The majority of government departments will be given targets for boosting the number of apprentices they take on every year, under plans set out for consultation today.
Ministers have pledged to create three million new apprenticeships in both the private and public sectors by 2020, in a bid to ensure that more job opportunities are open to those who choose not to go to university.
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As part of that drive, the Department for Business, Innovation and Skills today confirmed that all public sector organisations employing 250 or more staff will be expected to meet a new, annual target for apprenticeships starts based on the size of their workforce.
The target will call on public sector bodies – including 16 out of 24 ministerial departments and 16 out of 22 non-ministerial departments – to ensure that they create apprenticeships every year totalling at least 2.3 per cent of their overall staffing levels.
Outlining the thinking behind the targets, which will be written into law, business secretary Sajid Javid said there was “more that can be done” to boost opportunities to enter the public sector workfroces.
“In order to meet the 3 million starts commitment the public sector needs to improve from its current position of delivering comparatively fewer apprenticeships than the private sector,” he said.
“Leveraging apprenticeships through the public sector will play a significant role in helping to deliver apprenticeship growth. This will include more apprenticeships within our departments and agencies, but also within the NHS and front line services.
“Expanding the number of apprenticeships will improve the capacity and capability of the public sector, ensuring that it benefits from the same positive impacts as in the rest of the economy and enable more people to achieve their potential.”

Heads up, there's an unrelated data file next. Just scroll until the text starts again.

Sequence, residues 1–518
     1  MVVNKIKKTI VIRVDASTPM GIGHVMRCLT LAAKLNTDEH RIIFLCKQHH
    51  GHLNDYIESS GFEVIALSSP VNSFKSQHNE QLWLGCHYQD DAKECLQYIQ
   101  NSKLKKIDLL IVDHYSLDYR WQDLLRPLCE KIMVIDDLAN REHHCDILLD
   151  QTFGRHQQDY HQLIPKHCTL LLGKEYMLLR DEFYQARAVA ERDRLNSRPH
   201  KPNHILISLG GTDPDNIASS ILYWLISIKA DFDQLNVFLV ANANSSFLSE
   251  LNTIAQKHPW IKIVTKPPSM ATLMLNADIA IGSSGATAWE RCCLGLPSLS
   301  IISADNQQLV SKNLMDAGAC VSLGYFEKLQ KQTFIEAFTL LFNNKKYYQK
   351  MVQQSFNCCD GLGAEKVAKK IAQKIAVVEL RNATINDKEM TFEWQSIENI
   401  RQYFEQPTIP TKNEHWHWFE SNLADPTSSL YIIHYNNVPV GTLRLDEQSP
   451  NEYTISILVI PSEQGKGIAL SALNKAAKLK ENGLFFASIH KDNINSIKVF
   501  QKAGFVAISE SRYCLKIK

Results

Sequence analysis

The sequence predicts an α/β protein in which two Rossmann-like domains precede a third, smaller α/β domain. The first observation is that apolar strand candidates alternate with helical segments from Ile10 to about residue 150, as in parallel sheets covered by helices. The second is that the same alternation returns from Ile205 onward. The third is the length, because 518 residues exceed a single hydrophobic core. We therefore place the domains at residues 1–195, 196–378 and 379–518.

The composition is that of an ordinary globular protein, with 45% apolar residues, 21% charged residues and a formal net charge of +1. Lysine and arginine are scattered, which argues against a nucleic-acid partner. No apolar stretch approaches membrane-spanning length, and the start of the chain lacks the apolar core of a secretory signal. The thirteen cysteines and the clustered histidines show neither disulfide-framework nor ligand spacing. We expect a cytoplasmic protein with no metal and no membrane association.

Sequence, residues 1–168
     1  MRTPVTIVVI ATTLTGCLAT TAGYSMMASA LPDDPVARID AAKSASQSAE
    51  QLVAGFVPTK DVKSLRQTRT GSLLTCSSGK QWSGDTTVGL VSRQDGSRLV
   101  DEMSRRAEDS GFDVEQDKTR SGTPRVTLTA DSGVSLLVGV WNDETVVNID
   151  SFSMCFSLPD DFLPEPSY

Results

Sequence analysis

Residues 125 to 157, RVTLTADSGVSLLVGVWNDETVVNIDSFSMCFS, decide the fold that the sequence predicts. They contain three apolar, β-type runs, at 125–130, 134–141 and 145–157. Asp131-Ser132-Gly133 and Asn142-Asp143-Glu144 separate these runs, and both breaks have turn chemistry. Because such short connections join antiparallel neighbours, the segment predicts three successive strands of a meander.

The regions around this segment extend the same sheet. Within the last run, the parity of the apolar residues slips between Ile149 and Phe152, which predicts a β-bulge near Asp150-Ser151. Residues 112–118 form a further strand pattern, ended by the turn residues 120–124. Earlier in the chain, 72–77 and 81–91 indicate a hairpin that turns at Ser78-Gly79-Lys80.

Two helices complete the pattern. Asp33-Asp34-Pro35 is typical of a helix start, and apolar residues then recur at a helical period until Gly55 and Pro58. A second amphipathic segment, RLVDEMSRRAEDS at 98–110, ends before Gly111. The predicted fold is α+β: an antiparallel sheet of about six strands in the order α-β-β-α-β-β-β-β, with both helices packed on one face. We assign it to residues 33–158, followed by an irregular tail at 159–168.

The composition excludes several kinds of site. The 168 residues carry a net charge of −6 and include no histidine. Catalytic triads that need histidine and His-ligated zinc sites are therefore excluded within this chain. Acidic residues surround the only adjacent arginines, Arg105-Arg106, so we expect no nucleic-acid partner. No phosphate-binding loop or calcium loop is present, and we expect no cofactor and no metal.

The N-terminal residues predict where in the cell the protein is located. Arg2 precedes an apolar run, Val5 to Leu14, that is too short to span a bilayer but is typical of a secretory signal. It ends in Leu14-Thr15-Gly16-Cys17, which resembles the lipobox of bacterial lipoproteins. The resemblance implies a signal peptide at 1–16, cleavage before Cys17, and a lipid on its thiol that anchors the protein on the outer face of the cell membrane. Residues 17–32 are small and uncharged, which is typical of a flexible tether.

According to the consultation document, public bodies covered by the target will have a duty to publish annual updates on their progress.
The department also seeks to calm fears – expressed by those including Ofsted chief inspector Sir Michael Wilshaw in recent months – that a focus on the number of apprenticeships created may being undermining the quality of the schemes.
The document says: “We recognise that it is essential that apprenticeships provided by the public sector are of a high quality. Government have already taken steps to improve the quality of apprenticeships and putting an end to poor-quality training lies at the heart of our reforms.
“We are introducing more rigorous testing and grading at the end of the apprenticeship to ensure that apprentices are reaching full occupational competence and from 2018, we will use apprenticeship outcomes data to produce performance tables for 16 to 19 year-olds.
“This will sit alongside apprenticeship success rates, which are already published by BIS, and will help to inform choice for young people and employers and drive up the quality of provision. Government also intends to establish a new, independent Institute for Apprenticeships (IFA) led by employers, which will support the quality of apprenticeships.”
The target will sit alongside the existing civil service Fast Track apprenticeships scheme, which allows school leavers and non-graduates with strong GCSE results to join the government workforce in areas including business administration, cyber security and finance. According to the government, that scheme has already seen 700 apprentices taken on in three cohorts.
All bids for government contracts above £10m are also now scrutinised by officials at the Crown Commercial Service (CCS), with apprenticeship numbers written into winning firms’ contracts so action can be taken if commitments are unmet.
Departments which are too small to be covered by the new 2.3 per cent target – because their workforce is currently below the 250-employee size threshold – include the Attorney General’s Office, the Northern Ireland Office, the Scotland Office, UK Trade and Investment, and UK Export Finance.